Paint the Pavement

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Junior Communication Design Studio
Fall 2016

 
 

Prompt: Pittsburgh has been chosen to be the next 2017 Paint the Pavement City! This national program encourages community building, increases and promotes public safety, and uses public art as a means to transform dangerous roadways and interactions into neighborhood assets. The City of Pittsburgh has “hired” us to create the visual identity system for this new and exciting citywide initiative.

At the start of this project, our class was given a packet of text: all the information on the Paint the Pavement program. It talked about the goals and objectives of the program, what you need to apply, how to apply, and resources you need to get started. It was hard to navigate and make sense of, so our challenge was to present all of the information in a clear way. I thought that a website would be a good way to guide readers through the whole process. Instead of being intimidated by a large packet of materials, they can be exposed to the different steps in the application at their own pace, one webpage at a time. I also branded the campaign with a tagline ("Brighten Up Pittsburgh!"), a logo (the paintbrush with a bridge in it), a poster, and a bright color palette with gradients. My goal was to create a system that was visually appealing and easy to navigate.


Process

Logo and Icon

To start, we began at a small level. As a class, we created a set of icons to use in our pieces, and we individually created word marks. In my word mark, I wanted to portray the mission of Paint the Pavement while also making it specific to pittsburgh. I settled on an icon with a bridge in a paintbrush. 

 

Making Sense of the information

We were given the existing application packet for Paint the Pavement, and were tasked with making sense of all the information. Here's a picture of me organizing different types of content on the board. I cut up the application, arranged sections by topic, made note of redundancies, and grouped linked information. I used these sections to create initial drafts. At first, I wanted to present all the information in print form. Below are some prototypes for how those would look.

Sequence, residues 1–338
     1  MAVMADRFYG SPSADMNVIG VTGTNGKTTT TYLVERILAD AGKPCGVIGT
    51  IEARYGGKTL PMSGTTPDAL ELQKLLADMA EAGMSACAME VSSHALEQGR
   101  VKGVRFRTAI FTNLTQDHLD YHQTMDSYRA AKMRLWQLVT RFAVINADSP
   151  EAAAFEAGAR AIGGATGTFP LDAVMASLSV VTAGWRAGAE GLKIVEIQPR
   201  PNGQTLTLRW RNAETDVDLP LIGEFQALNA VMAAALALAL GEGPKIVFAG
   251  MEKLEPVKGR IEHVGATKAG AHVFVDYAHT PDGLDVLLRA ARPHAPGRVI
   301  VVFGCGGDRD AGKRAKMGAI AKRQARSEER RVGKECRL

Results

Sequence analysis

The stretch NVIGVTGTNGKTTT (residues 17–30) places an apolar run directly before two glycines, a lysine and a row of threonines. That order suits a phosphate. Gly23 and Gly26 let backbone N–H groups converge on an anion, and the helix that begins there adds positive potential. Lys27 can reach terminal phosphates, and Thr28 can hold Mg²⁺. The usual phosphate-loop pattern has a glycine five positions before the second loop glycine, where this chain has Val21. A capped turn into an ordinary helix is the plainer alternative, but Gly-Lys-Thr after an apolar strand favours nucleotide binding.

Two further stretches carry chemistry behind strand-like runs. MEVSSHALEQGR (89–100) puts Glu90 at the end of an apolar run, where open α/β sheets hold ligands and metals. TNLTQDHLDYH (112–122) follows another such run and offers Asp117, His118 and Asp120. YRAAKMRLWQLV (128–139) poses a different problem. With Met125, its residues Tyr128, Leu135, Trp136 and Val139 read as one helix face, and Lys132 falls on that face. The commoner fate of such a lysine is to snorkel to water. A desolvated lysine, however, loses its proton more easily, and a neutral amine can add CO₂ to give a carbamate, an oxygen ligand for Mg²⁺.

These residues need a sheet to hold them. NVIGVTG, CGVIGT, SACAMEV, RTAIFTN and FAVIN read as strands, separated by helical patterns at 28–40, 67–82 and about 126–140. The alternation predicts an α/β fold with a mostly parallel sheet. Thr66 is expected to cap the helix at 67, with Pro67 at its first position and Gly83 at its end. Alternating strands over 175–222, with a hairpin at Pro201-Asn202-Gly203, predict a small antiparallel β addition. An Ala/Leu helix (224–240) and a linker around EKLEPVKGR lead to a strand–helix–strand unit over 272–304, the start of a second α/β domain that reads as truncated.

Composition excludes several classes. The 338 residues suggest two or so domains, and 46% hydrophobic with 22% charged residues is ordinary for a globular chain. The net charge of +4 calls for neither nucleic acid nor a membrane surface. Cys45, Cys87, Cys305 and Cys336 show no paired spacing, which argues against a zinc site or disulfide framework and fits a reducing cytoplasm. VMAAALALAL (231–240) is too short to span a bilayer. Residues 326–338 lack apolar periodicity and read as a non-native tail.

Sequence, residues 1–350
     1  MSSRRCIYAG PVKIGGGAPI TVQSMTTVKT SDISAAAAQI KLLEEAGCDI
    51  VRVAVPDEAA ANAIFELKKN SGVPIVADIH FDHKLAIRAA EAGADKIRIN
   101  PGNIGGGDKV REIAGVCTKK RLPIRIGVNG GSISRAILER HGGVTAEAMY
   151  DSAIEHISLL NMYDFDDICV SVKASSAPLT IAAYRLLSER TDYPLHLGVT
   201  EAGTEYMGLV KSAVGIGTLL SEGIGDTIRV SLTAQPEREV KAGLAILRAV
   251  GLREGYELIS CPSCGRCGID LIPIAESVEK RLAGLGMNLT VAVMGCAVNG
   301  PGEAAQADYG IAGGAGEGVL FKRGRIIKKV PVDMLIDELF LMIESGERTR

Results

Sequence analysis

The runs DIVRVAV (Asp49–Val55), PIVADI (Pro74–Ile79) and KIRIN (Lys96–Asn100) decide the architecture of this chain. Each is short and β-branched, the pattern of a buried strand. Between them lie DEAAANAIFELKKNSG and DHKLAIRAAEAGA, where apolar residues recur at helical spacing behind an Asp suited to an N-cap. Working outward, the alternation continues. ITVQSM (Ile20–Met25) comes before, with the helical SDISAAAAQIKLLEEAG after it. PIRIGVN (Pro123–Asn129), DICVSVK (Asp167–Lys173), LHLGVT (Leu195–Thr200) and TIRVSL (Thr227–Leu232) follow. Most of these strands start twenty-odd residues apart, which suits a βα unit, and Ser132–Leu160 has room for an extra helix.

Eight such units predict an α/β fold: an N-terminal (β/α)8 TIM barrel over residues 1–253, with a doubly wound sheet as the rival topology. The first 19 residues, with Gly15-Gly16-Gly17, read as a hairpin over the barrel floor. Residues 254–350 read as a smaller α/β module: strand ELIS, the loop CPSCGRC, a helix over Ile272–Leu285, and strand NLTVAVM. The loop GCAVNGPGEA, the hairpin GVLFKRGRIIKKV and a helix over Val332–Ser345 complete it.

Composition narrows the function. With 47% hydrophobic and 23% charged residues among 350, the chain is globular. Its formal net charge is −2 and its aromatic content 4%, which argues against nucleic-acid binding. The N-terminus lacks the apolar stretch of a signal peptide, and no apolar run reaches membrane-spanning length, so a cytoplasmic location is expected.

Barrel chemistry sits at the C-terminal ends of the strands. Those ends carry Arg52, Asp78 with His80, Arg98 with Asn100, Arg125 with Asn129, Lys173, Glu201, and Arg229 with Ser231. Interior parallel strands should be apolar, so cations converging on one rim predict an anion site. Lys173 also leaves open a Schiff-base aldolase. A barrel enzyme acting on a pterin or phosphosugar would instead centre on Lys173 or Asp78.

Moving to Web

I was a bit frustrated with handling a large amount of content in print form. I tried to place myself in someone's shoes, and I realized that I would probably not be interested in this program from a booklet that I was mailed or saw in a store. Most of the information I come across or find useful is on the web, so I decided to take a different direction. Also, having a website would allow me to progressively show viewers the information in a less intimidating way. Also, instead of flipping back and forth between physical pages, one can easily navigate from link to link. A website would also allow people to create their own profiles and save their progress in the application. Below is a sitemap of how the information/pages are structured. Then there is a screen capture of what it looks like to move through the web application.

 
 

Poster

The poster was the final component of the project. Using the visual language of my website and my icon, I had to create an artifact that would exist in a physical space to lead people to the digital one I had created. These are drafts that led to my final.